by Roger Biermann
The Lexus RC F is a bit of a hit and miss affair as a performance coupe – not quite competitive enough, nor refined enough to really make itself a worthwhile offering. It would stand to reason that the larger GS F sedan would suffer the same fate – lumped with the same naturally aspirated V8 and even more weight. It’s severely underpowered when rivals like the new M5 and Mercedes-AMG E63S boast 600hp, but instead the GS F reminds us of a time when performance was simpler, more approachable, and more enjoyable. This is the E39 BMW M5 reincarnate.
Just as we’ve come to expect from Lexus, the GS F is built for real people. That means ingress and egress is simple due to wide door apertures, and once inside, the space feels natural and comfortable. Five occupants will find space aplenty both front and rear, and the driver will enjoy excellent forward visibility and a great seating position in wonderfully molded sport seats.
Interior quality is as premium as you’d expect from Lexus, with a multitude of leather, veneer, and in this sporty model carbon fiber, adorning all surfaces. The chunky steering wheel looks a bit awkward, but feels great in hand. But the downside to the interior is one that’s becoming a recurring feature for Lexus – the infotainment system is unique in its mouse-like joystick operation, but it’s a burden to use and would be better as a plain touch screen or with a rotary controller.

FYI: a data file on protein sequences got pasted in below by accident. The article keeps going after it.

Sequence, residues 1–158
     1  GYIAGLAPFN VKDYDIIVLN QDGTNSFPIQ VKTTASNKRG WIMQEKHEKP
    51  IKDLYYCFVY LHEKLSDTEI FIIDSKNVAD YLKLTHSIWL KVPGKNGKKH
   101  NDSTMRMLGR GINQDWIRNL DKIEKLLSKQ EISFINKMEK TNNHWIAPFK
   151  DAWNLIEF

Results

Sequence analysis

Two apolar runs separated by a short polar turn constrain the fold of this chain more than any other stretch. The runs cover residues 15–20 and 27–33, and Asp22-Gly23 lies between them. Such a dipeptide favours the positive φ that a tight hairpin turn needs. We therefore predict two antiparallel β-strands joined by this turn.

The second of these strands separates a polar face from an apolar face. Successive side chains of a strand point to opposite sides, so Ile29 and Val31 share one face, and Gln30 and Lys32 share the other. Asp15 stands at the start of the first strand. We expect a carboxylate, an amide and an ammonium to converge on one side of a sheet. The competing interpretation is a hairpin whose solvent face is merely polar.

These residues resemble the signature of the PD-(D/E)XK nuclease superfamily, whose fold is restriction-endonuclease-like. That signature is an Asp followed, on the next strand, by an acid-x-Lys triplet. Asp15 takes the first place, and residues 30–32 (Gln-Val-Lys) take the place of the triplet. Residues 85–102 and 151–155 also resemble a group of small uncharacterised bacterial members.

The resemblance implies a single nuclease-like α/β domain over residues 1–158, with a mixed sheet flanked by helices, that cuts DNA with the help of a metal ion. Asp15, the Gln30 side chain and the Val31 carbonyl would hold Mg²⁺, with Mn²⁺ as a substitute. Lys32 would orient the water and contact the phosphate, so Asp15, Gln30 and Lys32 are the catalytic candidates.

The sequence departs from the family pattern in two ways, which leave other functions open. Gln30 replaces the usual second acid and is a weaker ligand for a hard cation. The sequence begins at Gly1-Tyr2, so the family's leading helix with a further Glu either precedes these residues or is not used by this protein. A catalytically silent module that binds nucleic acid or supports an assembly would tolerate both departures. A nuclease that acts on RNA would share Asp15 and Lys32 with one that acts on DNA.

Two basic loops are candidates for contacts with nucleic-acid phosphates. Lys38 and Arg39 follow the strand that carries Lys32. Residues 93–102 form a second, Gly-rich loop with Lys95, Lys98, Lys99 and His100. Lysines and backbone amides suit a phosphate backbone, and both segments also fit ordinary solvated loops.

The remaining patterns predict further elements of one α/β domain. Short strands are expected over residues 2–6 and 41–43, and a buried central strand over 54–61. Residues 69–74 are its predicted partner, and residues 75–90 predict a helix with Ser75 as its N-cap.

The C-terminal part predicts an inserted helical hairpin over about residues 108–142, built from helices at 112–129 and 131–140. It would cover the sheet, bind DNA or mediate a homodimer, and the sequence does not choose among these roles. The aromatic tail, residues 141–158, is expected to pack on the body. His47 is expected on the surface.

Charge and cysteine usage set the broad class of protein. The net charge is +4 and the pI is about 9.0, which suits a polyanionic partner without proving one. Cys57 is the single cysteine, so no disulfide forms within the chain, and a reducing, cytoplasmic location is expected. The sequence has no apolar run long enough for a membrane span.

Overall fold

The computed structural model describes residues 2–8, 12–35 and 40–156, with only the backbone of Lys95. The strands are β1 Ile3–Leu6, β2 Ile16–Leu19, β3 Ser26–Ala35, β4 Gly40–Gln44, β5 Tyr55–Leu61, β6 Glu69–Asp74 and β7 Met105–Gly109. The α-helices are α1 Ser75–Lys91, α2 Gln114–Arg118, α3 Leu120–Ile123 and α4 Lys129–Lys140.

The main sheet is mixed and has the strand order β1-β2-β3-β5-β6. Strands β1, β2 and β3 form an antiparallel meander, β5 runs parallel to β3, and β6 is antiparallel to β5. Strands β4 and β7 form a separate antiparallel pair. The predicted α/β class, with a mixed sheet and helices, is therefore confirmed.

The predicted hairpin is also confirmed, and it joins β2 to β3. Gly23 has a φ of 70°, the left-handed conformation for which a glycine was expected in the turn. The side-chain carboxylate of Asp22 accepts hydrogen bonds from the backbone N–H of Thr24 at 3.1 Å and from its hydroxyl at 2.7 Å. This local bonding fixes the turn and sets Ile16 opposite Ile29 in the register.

Adaptive damping is a standard for this category of sport sedan, but until this year the GS F did without them. It’s better off for their inclusion though, as the ride can now switch between being firm and being supple at the press of a button. The dampers do a fine job of ironing out bumps in the road, though rough surfaces still make their presence felt.
But the handling of the GS F is its real strong suit. It tears through twisting roads with alacrity and a fluid nature that involves the driver. The well weighted steering is syrupy and malleable in hand, and the on-the-limit responses of the chassis make this feel like an old school driver’s car. The underwhelming power means the chassis is exploitable – a trait missing in modern nuclear sedans that threaten to make use of your funeral policy if you make use of the throttle.
With such an enjoyable chassis, it’s a pity the engine doesn’t offer more. In this segment, natural aspiration no longer suffices, and the 5.0-liter V8’s 467 horsepower and 389 lb-ft of torque are just too weak compared to 600hp rivals. An 8-speed automatic transmission is standard, as is rear wheel drive. The gearbox isn’t as snappy as rivals’ ZF sourced autos and dual-clutch units, but performance still isn’t sluggish. 0-60mph takes just four and a half seconds, but the GS F is outdated and outgunned by almost anyone else.
Standard equipment is generous on this top of the range GS F, with dual-zone climate control, heated and ventilated 10-way power adjustable front seats, and navigation on a 12.3-inch display all standard. Options are limited to a Mark Levinson premium sound system, orange brake calipers, a color heads-up display, and split 10-spoke alloy wheels. The Lexus GS range scored best possible safety scores of Good from the IIHS, thanks so safety features like blind spot monitoring with rear cross traffic alert and a rear view camera.
The Lexus GS is a magical time capsule, in the manner that this should’ve been around when the E39 M5 ruled the roost. It’s still incredible today, but is outgunned by the competition. The biggest problem is that the Cadillac CTS-V offers the same sort of exploitable chassis, but with a class-competitive 650hp power figure to back it up